By Philip Blenkinsop and Gus Trompiz

BRUSSELS/PARIS (Reuters) – Belgium has confirmed an outbreak of African swine fever, marking a further spread of the disease that has hit farms in Eastern Europe and China and which could now threaten Western Europe’s large pig industry.

Belgium’s food safety agency on Thursday said that African swine fever (ASF) had been detected in the Etalle district near the French border, after the death of several wild boars raised suspicions that the virus was present.

This is the first reported case of the disease in Belgium since 1985.

Western European countries have been trying to avert the spread of the disease, which is highly contagious among pigs and difficult to eradicate, after a growing number of cases in Eastern Europe, including in EU members such as Romania.

The European Commission said it will deploy a team of experts this weekend to coordinate with Belgian authorities over the swine fever cases and the EU health commissioner will meet ministers of Belgian regions Wallonia and Flanders on Monday.

One Flemish farmers’ group, ABS, called for the cull of wild boars to protect farm pigs, while Wallonia’s agriculture ministry said it has banned hunting in a 63,000 hectare-wide (155,676 acre) area to prevent wild boars from spreading out.

“The Belgian authorities announced yesterday two isolated cases of African swine fever in two wild boars found dead in the forest in the region of Etalle,” a Commission spokeswoman told a news conference in Brussels, adding the EU executive was in close contact with Belgian authorities.


France’s agriculture ministry announced reinforced surveillance in four administrative departments (counties) bordering Belgium and extra measures to protect pig farms and slaughterhouses.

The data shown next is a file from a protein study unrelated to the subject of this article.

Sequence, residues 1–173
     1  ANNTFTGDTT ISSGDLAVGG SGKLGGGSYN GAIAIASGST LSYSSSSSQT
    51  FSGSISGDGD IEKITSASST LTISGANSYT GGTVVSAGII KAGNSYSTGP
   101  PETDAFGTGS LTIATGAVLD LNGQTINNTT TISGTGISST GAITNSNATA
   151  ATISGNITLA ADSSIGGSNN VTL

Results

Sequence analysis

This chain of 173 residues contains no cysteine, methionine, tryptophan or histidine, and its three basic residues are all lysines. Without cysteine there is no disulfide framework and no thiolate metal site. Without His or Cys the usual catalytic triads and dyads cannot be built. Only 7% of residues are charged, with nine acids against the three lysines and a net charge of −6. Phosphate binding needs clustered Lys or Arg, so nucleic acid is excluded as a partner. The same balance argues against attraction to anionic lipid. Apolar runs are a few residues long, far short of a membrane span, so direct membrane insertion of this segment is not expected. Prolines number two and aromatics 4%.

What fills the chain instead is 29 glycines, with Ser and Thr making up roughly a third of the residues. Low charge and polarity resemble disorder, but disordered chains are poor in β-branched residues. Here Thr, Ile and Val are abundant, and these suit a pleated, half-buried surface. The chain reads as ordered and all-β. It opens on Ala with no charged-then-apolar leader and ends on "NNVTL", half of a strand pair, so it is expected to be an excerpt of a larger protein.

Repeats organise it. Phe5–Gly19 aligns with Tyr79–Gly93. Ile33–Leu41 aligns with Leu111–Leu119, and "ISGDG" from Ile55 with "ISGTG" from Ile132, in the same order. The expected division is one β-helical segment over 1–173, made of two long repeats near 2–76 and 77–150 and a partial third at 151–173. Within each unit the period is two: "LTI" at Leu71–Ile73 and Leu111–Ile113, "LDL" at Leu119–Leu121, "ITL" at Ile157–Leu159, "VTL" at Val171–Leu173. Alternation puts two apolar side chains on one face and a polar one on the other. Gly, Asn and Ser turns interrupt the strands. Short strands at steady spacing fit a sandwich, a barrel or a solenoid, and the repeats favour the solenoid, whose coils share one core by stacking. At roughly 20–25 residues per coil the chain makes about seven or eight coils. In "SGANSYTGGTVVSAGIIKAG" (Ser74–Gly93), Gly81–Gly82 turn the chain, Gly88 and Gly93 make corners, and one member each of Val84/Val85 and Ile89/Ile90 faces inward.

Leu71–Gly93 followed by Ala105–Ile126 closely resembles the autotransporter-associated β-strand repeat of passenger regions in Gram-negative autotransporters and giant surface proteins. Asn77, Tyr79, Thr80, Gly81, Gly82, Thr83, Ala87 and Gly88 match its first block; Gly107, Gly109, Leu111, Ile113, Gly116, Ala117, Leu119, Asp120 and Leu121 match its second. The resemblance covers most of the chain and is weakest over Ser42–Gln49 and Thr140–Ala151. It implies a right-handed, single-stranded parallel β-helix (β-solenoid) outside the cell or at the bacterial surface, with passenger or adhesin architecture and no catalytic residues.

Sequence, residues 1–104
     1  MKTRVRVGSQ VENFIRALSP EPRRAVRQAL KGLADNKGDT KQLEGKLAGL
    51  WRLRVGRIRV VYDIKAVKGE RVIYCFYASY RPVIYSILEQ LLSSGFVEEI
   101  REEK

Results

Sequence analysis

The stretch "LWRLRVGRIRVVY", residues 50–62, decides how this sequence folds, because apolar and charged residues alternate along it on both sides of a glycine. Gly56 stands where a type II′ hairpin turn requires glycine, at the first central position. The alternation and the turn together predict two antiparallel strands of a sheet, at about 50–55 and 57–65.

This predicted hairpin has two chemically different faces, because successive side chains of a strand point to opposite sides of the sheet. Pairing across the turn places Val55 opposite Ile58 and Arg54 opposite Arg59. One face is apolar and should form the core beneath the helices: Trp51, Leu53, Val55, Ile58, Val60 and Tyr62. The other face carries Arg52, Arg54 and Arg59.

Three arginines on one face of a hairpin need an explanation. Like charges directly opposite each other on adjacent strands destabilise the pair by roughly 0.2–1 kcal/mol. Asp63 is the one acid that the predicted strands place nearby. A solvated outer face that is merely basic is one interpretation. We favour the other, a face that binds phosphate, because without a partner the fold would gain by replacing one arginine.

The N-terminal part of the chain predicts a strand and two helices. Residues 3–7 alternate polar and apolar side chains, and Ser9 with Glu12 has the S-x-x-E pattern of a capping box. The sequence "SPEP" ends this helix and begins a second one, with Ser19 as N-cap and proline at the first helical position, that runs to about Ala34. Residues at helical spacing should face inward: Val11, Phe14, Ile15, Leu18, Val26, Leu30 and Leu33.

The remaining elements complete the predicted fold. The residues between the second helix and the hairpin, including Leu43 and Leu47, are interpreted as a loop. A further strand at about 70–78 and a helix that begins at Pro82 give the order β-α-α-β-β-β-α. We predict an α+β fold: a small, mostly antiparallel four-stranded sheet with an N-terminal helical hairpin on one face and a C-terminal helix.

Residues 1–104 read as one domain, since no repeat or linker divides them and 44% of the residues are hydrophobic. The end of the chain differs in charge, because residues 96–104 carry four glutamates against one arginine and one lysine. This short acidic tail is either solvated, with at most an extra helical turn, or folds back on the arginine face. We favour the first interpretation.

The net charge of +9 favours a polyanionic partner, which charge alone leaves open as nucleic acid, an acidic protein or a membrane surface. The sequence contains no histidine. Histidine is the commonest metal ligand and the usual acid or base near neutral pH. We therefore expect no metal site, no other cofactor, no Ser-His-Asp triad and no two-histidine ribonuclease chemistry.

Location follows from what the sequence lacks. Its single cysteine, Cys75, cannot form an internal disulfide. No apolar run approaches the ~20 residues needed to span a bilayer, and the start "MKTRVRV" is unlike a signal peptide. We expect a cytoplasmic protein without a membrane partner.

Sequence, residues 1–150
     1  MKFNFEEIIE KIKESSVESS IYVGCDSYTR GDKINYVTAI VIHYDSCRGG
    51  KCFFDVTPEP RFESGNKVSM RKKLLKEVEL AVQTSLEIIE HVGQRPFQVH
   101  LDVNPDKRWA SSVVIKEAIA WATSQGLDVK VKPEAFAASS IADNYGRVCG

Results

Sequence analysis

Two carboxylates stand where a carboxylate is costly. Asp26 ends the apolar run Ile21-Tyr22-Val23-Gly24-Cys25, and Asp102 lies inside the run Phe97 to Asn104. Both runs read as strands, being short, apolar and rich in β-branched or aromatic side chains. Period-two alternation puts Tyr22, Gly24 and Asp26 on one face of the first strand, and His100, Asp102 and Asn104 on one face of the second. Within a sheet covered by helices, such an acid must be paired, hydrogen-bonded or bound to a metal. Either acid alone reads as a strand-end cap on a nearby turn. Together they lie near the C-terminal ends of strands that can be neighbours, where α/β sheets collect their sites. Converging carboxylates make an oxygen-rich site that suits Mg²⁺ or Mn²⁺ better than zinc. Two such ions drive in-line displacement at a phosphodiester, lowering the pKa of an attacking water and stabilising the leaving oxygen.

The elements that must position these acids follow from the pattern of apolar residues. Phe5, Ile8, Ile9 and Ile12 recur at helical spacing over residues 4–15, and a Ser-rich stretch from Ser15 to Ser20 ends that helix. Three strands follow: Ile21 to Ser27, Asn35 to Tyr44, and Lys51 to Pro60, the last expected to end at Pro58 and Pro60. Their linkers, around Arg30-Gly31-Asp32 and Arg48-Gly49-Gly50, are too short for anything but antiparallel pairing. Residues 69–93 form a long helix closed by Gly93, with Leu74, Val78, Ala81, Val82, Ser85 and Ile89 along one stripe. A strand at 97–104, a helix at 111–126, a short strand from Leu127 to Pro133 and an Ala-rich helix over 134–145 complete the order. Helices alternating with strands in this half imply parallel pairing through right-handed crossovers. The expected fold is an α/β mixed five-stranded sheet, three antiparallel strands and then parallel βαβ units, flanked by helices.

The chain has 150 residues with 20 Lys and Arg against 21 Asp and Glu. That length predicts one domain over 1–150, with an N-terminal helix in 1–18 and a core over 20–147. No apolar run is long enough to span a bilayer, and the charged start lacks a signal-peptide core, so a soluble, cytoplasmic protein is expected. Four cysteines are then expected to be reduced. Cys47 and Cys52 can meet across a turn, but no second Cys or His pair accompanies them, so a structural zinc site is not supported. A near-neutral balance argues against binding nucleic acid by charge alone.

“This new outbreak represents the expansion of the disease, for the first time during the current pandemic, into Western Europe,” said Paul Sundberg, executive director of the Swine Health Information Center in the United States.

“This new outbreak may represent a new change in the epidemiologic situation of ASF worldwide, suggesting that the disease may have reached pandemic proportions.”

The spread of the virus has already led to the slaughtering of hundreds of thousands of pigs in Eastern Europe, while in China, the world’s biggest pork producer, a series of cases since August has led to measures including a ban on transporting animals and feeding food waste to pigs in affected provinces.

The EU is collectively the world’s second-largest pigmeat producer after China and the largest exporter, with most of its pork industry concentrated in Germany, Denmark, France and Spain.

Germany earlier this year issued a decree to allow hunters to shoot wild boar year-round to stop the animals, which can carry African swine fever, from passing the deadly infection on to farm pigs.

Experts say the virus can also be spread through food products and by people, even though it is not harmful to humans. There is no vaccine or treatment for it.

The most recent cases in Europe could be linked to food thrown away by people who had traveled from zones where the disease is present, Belgium’s food safety agency said in its statement.

“When you start to have cases at quite some distance from previously reported ones there is concern for everyone,” Justin Sherrard, global strategist, animal protein, at Rabobank, said.

(Additional reporting by Sybille de La Hamaide in Paris, Tom Polansek in Chicago and Robin Emmott in Brussels; Editing Mark Heinrich and Louise Heavens)